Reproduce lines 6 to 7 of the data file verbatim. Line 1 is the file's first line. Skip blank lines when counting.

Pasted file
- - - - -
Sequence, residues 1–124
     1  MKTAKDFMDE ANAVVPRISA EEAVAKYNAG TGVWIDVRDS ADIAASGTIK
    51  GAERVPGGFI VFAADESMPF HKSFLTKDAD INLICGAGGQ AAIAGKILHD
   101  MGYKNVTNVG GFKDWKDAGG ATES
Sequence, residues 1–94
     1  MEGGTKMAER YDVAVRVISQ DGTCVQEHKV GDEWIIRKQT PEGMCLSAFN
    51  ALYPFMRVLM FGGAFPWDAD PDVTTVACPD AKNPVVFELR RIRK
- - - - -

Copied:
     1  MEGGTKMAER YDVAVRVISQ DGTCVQEHKV GDEWIIRKQT PEGMCLSAFN
    51  ALYPFMRVLM FGGAFPWDAD PDVTTVACPD AKNPVVFELR RIRK